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[[{{{domain}}}]] > [[{{{superregnum}}}]] > Plantae > [[{{{subregnum}}}]] > [[{{{superdivisio}}}]] > [[{{{superphylum}}}]] > [[]] > [[{{{phylum}}}]] > [[{{{subdivisio}}}]] > [[{{{subphylum}}}]] > [[{{{infraphylum}}}]] > [[{{{microphylum}}}]] > [[{{{nanophylum}}}]] > [[{{{superclassis}}}]] > [[]] > [[{{{subclassis}}}]] > [[{{{infraclassis}}}]] > [[{{{superordo}}}]] > [[]] > [[{{{subordo}}}]] > [[{{{infraordo}}}]] > [[{{{superfamilia}}}]] > [[]] > [[{{{subfamilia}}}]] > [[{{{supertribus}}}]] > [[{{{tribus}}}]] > [[{{{subtribus}}}]] > [[]] {{{subgenus}}} {{{sectio}}} {{{series}}} var.

Standard Cyclopedia of Horticulture

Parthenocissus (Greek, parthenos, virgin, and kissos, ivy; translation of its French name). Syn. Quinaria, Psedera. Vitaceae. Woody vines planted chiefly for their handsome foliage.

Deciduous or rarely evergreen shrubs climbing by means of tendrils with adhesive tips, rarely these tips not developed: bark with lenticels; pith white: lvs. alternate, digitate or 3-lobed, long-petioled : fls. in peduncled compound cymes opposite to the lvs., often crowded at the end of the branches and forming panicles, perfect, rarely polygamous; calyx minute, petals 5, rarely 4, spreading; stamens 5 or 4; style short and thick; a distinct disk wanting; ovary 2-celled, each cell with 2 ovules: fr. a 1-4-seeded berry.—About 10 species in N. Amer.Mex, E. Asia, and Himalayas. Formerly usually classed with Ampelopsis, which see for the differentiating characters between the allied genera.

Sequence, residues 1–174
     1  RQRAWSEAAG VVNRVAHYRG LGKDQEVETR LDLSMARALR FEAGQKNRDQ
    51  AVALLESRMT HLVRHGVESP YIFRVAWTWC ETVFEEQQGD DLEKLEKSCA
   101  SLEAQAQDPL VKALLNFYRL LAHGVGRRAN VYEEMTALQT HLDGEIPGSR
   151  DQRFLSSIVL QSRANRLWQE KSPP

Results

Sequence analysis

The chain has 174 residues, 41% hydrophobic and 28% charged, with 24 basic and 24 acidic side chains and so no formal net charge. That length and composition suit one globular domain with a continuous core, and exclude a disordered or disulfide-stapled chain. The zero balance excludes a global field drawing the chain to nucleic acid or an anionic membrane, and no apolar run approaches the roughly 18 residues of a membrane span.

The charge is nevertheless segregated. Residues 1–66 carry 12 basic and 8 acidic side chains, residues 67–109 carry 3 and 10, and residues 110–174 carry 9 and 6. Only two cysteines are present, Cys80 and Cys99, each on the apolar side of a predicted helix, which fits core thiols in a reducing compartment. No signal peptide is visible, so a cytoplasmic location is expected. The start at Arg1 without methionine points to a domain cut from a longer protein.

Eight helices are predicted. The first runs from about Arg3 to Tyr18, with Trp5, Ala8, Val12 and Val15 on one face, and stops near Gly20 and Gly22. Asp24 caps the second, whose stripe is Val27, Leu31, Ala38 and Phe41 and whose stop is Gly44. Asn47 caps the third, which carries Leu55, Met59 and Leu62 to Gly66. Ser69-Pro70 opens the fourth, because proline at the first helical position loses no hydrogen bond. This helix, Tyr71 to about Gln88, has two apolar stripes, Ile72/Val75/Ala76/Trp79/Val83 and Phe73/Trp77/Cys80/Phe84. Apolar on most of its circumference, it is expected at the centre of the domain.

These are high-climbing vines with handsome three- to seven-foliolate or three-lobed leaves assuming beautiful tints in autumn and with small greenish flowers in cymes or panicles followed by bluish black or black berries. They are particularly valuable as they cling firmly to walls and trees by means of adhesive tips of the tendrils without any other support. P. quinquefolio, P. vitacea, and P. tricuspidata are hardy North, while the other species are more or less tender; P. Henryana, may be grown in the greenhouse for its beautiful foliage. In humid and good soil all species grow vigorously and soon cover large spaces. Propagation is by seeds or by hardwood cuttings or by layers, but P. tricuspidata and its varieties are usually grown from greenwood cuttings.

P. heptaphylla, Small (P.texana, Rehd. A. quinquefolia var. hepta- phylla. Bailey. A. heptaphylla, Buckl.). High-climbing: tendrils with 2-4 branches without disks: lfts. usually 7, oblong-obovatc, cuneate at the base, coarsely serrate, 1 l/2-2 1/2 in. long: cymes dichotomous, opposite the lvs. Texas. S.T.S. 1:90.—P. himalayana, Planch. (Ampelopsis himalayana. Royle). Allied to P. tricuspidata: lfts. 3, ovate to oblong-ovate, the lateral ones rounded or subcordate at the base, coarsely serrate, 2-5 in. long: cymes about as long as the lvs. Himalayas. Var. rubrifolia, Gagnep. (Vitis rubrifolia, Leveille & Vaniot). Lfts. smaller and broader, purplish while young: cymes smaller. W. China.—P. laetevirens, Rehd. Allied to P. quinquefolia. Tendrils with 5-8 slender branches: lvs. obovatc or elliptic, coarsely serrate, bright yellowish green on both sides, 2-4 in. long, glabrous or hairy on the veins below: fls-. in large terminal panicles. Cent. China.—P. Thomsonii, Planch. (Vitis rubrifolia, Laws. P. Henryana var. glaucescens, Diels & Gilg. Ampelopsis Thomsonii, Hort.). Tendrils with 3-5 disk-bearing branches: lfts. 5, slender-stalked, elliptic- ovate to elliptic-oblong, cuneate, serrate, glabrous or slightly pubescent on the veins beneath, bluish green, 1 1/2-3 in. long: fls. in dichot-omous cymes 1 1/2-3 in. broad, opposite the lvs.: fr. black. Himalayas. Cent. China. Gn. 63, p. 203. J.H.S. 28, p. 216, fig. 184.—A very handsome slender vine; foliage purplish while young, and purplish red in fall. Tender. ALFRED REHDER. CH

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